Also note, there is an Our Lady of Perpetual Help icon just to the left of the entrance to the chapel. It is originally from Crete and actually dates back to the 15th century! If you know Buffalo history, you’re likely familiar with the Pan American Expo that took place here in 1901. A six-foot tall statue of Mary was carved in Italy just for the expo but can now be found here.
Organ At St. Joseph Cathedral
The group began to leave the church and I lagged behind a bit. I was trying to see just one more corner of stained glass or just one more piece of a marble.
In the rear of the cathedral perched up in the choir loft is a E. & G.G. Hook and Hastings pipe organ that was first built for the Philadelphia centennial exhibition in 1876. Bishop Ryan (who followed Bishop Timon) purchased the organ for a mere $10,000. It was brought to St. Joseph Cathedral a year later in 1877 and installed.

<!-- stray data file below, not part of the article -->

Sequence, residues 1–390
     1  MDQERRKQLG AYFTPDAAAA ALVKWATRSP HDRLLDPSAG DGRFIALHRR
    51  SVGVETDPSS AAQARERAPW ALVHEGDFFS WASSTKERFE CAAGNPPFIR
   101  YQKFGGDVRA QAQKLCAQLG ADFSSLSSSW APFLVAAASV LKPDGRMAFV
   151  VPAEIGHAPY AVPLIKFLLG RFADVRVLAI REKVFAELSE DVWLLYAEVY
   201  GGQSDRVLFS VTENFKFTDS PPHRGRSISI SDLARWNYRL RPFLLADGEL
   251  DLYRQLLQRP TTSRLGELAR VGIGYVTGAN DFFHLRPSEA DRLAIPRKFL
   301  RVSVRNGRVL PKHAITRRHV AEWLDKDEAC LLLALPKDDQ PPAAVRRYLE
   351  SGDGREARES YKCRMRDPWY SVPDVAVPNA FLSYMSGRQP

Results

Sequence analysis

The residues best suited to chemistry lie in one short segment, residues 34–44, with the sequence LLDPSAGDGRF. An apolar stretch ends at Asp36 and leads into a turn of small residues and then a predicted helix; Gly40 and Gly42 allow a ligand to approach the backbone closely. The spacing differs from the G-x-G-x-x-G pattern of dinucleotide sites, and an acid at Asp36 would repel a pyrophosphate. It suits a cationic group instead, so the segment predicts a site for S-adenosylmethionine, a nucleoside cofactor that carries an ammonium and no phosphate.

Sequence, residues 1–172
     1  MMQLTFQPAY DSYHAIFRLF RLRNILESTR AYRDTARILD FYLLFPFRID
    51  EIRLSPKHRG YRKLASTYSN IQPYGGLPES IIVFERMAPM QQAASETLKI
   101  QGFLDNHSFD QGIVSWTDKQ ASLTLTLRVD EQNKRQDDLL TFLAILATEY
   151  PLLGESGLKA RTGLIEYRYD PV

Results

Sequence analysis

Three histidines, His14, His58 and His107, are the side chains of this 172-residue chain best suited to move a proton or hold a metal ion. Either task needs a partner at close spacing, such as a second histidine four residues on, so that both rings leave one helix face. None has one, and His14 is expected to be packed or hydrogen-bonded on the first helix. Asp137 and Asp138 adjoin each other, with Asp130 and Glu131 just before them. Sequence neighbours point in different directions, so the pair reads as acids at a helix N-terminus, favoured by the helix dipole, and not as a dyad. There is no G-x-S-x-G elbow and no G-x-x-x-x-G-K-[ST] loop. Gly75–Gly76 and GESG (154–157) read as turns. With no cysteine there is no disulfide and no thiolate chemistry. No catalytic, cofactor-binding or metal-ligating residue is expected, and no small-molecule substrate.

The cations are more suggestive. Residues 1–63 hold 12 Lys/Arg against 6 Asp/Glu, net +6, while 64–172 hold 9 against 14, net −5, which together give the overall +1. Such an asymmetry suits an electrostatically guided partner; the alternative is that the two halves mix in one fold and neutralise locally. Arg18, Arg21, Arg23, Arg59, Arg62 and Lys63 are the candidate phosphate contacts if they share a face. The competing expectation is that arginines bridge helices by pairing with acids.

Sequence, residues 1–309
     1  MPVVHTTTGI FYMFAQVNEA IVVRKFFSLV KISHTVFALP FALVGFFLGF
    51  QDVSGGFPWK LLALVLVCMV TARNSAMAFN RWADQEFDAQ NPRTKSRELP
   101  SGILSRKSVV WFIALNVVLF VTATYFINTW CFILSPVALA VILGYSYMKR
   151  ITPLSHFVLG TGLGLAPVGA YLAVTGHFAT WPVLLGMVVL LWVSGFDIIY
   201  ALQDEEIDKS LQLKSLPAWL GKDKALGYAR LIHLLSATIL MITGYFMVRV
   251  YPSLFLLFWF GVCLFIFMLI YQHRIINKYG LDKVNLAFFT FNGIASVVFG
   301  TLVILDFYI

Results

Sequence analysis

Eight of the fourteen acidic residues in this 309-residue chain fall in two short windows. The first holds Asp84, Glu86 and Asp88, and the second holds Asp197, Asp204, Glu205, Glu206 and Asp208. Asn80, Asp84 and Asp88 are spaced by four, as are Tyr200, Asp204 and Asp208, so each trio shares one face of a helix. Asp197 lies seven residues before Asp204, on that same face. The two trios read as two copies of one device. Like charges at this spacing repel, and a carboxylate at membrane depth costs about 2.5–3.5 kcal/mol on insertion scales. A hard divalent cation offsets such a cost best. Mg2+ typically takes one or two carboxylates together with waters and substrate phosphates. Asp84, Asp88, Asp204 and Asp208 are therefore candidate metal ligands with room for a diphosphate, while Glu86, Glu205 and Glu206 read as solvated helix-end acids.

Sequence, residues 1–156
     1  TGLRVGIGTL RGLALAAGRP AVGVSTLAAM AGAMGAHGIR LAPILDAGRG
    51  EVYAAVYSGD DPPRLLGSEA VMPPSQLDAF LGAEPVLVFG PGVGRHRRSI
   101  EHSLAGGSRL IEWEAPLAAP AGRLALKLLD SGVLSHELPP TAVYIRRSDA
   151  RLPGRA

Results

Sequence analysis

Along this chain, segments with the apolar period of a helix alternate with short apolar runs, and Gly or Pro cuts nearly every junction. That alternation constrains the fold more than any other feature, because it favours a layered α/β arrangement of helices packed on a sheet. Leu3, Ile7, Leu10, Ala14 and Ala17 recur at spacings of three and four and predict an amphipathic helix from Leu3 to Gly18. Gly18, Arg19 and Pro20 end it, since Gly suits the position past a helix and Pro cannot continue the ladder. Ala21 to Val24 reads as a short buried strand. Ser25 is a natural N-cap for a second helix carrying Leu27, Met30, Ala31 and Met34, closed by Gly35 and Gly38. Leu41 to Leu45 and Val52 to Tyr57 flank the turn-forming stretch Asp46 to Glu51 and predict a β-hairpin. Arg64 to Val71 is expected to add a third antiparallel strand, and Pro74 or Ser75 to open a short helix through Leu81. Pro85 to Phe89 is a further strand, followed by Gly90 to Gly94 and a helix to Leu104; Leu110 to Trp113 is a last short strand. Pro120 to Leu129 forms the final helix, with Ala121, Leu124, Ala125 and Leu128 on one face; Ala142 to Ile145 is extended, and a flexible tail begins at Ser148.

Standing three stories in height, this pipe organ is the tallest in the country!
While just viewing it from the ground is cool, I’m certain that the sound from the 5,300 pipes is really something. Though $10,000 sounds like a whole lot of money, it wouldn’t even have come close to covering the taxes on the $1.75 million restoration the organ underwent in 1990’s.
Maybe someday I’ll get to hear what a couple million bucks and three stories sounds like!
*This post previously appeared on ExploringTheBurnedOverDistrict.com
Chris Clemens is the Founder/Publisher of Exploring Upstate. From his hometown in Rochester, he spends as much time as possible connecting with the history, culture, and places that make Upstate New York a land of discovery. Follow him on Twitter at @cpclemens